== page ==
With the introduction of 802.11ad and 802.11ax on the way, the consumer wireless market has shifted to make room for new technologies. At this point, we have plenty of "classes" for consumers to wrap their minds around, this means solutions under the AC1900 class really have no place in the market as vendors have dropped prices so much - what was once the top-end enthusiast solutions are now entry-level.
Seen in the chart above, I was able to gather up several routers from a few vendors, retest them all under our current wireless router platform seen below. Most of these platforms use similar hardware, there are revisions of course mostly on the Broadcom platforms, while the EA7500 stands out as our only Qualcomm AC1900 solution. The DIR-879 from D-Link is a low-cost Realtek platform. Above all, each of these solutions are AC1900-class devices with 600 Mbps 2.4GHz band and 1300 Mbps for the 5GHz band.
Tyler's Test System Specifications
- Motherboard: ASUS Maximus IX Hero (buy from Amazon)
- CPU: Intel Core i7 7700K (buy from Amazon) / (Read our Review)
- Memory: G.SKILL TridentZ DDR4 3200 (buy from Amazon)
- Video Card: EVGA GeForce GTX 1080 Hybrid (buy from Amazon)
- OS Storage: Intel 730 480GB SSD (buy from Amazon) / (Read our Review)
- Secondary Storage: MyDigitalSSD BP5 512GB SSD (buy from Amazon)
- Case: EVGA DG-86 (buy from Amazon)
- Power Supply: EVGA SuperNOVA 750 P2 (buy from Amazon)
- Networking: ASUS PCE-AC88 AC3100 (buy from Amazon)
- Networking: ASUS ROG 10G Express
- Networking: ASUS Thunderbolt EX3 (buy from Amazon)
- OS: Microsoft Windows 10 (buy from Amazon)
The EA6900 is a first-generation Broadcom platform, dual band 600 / 1300 and part of the Linksys Smart Wi-Fi lineup. MSRP of this solution is hovering around $119.99.
Synology launched their first router in 2016 in the form of the RT1900ac. Specs of this solution are some of the highest in the AC1900 class with a dual-core SoC and 4GB of flash. MSRP sits at $149.99.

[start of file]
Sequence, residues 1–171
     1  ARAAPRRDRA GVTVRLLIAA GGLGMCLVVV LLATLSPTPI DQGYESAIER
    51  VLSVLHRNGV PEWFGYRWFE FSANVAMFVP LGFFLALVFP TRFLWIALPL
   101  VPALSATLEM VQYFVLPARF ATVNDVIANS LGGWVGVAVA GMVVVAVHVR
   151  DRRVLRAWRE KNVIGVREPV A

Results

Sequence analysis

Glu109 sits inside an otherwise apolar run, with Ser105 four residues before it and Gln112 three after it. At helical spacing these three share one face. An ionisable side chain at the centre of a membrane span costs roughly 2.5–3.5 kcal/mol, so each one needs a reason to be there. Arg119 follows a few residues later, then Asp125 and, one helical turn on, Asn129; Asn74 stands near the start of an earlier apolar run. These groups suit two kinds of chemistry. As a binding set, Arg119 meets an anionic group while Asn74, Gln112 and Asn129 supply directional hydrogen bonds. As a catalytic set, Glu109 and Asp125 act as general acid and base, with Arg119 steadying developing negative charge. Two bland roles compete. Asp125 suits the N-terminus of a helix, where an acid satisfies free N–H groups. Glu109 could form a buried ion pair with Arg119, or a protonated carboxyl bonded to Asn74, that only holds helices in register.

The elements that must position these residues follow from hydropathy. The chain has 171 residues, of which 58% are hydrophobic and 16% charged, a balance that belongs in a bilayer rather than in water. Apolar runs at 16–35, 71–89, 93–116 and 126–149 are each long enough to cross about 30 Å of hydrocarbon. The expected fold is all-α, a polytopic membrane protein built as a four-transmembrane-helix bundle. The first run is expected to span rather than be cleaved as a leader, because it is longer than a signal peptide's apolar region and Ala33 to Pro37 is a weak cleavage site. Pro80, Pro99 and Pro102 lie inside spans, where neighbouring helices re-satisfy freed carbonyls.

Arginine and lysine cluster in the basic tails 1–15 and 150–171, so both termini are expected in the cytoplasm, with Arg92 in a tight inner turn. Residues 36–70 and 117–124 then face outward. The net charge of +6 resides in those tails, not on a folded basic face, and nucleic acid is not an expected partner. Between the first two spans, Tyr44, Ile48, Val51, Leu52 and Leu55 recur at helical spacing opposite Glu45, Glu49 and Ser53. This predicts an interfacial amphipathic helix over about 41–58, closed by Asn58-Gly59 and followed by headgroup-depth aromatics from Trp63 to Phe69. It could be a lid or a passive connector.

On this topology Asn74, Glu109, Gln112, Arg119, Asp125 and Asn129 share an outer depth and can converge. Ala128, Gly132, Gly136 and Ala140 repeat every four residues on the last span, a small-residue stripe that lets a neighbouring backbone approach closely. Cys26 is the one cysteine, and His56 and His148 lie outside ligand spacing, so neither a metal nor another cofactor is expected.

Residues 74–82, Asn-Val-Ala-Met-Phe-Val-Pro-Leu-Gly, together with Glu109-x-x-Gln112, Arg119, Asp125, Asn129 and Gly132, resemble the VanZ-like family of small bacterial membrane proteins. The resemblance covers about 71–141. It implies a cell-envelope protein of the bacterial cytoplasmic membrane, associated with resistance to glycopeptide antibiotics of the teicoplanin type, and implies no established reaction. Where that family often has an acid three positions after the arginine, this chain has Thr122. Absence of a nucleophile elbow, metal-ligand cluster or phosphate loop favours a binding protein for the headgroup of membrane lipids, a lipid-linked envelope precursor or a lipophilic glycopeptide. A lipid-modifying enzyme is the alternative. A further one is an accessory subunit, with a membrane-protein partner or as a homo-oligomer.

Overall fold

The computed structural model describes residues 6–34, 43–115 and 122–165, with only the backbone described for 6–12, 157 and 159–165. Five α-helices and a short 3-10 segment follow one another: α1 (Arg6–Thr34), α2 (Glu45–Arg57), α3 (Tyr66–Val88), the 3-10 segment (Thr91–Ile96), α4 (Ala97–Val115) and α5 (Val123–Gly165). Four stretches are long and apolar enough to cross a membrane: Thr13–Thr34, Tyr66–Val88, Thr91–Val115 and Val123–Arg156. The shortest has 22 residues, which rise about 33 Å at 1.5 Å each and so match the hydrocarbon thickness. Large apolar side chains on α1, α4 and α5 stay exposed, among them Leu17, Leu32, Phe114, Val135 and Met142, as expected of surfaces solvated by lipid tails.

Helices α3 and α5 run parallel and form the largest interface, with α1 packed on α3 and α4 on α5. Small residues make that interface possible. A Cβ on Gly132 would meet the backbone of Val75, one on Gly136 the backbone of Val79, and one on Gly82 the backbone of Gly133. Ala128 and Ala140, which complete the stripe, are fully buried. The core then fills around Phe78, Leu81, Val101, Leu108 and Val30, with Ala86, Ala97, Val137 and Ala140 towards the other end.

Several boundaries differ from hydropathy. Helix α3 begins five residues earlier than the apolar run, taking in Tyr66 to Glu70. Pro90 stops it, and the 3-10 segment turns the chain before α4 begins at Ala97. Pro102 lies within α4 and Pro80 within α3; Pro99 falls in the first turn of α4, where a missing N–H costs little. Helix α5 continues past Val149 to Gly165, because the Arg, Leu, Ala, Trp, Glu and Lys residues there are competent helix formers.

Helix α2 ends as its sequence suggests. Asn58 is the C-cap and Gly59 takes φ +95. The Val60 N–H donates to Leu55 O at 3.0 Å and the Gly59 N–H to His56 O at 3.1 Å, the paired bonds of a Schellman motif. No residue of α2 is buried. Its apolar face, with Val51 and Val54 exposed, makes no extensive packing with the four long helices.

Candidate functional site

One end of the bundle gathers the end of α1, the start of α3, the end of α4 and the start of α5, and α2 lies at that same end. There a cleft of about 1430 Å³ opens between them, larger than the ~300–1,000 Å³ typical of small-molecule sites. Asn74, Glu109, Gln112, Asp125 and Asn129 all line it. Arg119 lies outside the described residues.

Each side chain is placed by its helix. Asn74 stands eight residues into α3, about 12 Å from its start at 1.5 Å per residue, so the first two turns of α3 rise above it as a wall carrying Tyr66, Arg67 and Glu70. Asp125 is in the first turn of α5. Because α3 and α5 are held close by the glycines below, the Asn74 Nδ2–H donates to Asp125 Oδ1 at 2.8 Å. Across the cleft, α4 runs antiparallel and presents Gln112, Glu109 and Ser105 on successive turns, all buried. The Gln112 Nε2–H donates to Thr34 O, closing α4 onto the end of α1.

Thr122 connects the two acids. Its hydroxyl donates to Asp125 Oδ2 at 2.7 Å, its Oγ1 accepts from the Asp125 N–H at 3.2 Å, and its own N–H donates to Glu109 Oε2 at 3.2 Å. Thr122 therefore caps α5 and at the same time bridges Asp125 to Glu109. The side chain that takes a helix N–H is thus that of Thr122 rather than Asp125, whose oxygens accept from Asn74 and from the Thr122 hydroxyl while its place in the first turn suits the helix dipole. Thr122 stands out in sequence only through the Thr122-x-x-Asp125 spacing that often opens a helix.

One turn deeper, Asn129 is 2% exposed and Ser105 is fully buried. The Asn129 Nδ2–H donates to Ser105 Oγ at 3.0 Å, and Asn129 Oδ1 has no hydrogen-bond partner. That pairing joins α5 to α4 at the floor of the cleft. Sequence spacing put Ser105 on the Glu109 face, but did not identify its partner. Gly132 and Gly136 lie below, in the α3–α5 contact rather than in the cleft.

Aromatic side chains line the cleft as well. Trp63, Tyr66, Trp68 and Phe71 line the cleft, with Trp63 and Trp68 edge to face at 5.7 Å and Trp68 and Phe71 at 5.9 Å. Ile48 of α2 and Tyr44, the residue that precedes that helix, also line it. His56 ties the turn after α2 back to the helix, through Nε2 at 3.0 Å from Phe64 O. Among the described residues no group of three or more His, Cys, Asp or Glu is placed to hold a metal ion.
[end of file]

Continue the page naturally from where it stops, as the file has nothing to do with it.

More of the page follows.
NETGEAR has a strong lineup of wireless routers, and it all started with the original Nighthawk, the R7000. This solution houses a powerful dual-core Broadcom chip at 1GHz with 256MB memory and 128MB NAND flash. MSRP now sits at $159.99.
The TEW-818DRU was one of the first 802.11ac solutions we reviewed, way back in 2014. This too is a Broadcom platform, two cores at 800MHz and an MSRP at $114.99.
The D-Link EXO AC1900 is one of the only Realtek platforms I have had in the lab. It features two cores at 1GHz and 128MB for memory and flash. This is the only solution we tested that does not have storage functionality. MSRP sits at $119.99.
The EA7500 is a Qualcomm IPQ platform that houses two cores at 1.4GHz and 256MB of memory. MSRP of this solution is at the higher-end at $159.99.
The Archer C9, like many others, is Broadcom based. However, it has very different specs. Memory comes in at 128MB slightly lower than the standard 256MB, while flash sits at 16MB compares to the normal 128MB. MSRP of this solution sits at $119.99.
I split up the performance tests into several categories. I tested the routers in a small home throughput similar to a college dorm or loft apartment along with a large home scenario at 30Ft. Also, all routers were tested for their file performance.
At 15Ft, the Qualcomm-powered EA7500 comes out on top at 853 Mbps while the Archer C9 is right behind it at 852 Mbps. The slowest router was the TRENDnet 818DRU at 738 Mbps on the 5GHz band.
Moving out to 30Ft, the EA7500 held more throughput than any of the competitors at 780 Mbps. The rest huddled up from 600 to 700 Mbps with the slowest being the D-Link EXO.
Once again, the EA7500 comes out on top in testing. At 68 MB/s read and 32 MB/s write, we have a combined 100 MB/s storage throughput for the EA7500. The next best is the Synology RT1900ac at 96 MB/s combined. The worst was the D-Link EXO with no storage capabilities at all.
Bang for your Buck: The Results
For the most part, results top to bottom for many of these tests are minuscule. Factoring in price adds a hard metric for consumers to think about when making their purchase decision. Hopefully, these charts given the direct comparison and MSRPs listed above can aid that decision-making process. So, without further disruption, let's look at the results.
Storage performance was extremely close, adding in cost the Archer C9 is the best AC1900 class router when focusing on storage alone. The Synology RT1900ac and Linksys EA7500 were right behind - a few MB/s more could seriously shift the results of this chart.
Small homes will enjoy the performance of the Nighthawk R7000 as I found it to be the best AC1900 class router in this category. This includes an aggregate of 2.4 and 5GHz performance with the cost of the router added in. Right behind is the EXO from D-Link followed by the recently reviewed RT-1900p from ASUS.
Moving out a bit further and tackling larger homes and spaces the Linksys EA7500 topped out the charts as the best router. Right behind we have the Archer C9 less than a percent separating and behind that the Nighthawk R7000.
Perhaps the most anticipated result is the above, the overall best AC1900 router. As you can see this honor goes to the Linksys EA7500 with its exceptional performance in both 2.4 and 5GHz testing and its enthusiast-class storage performance.
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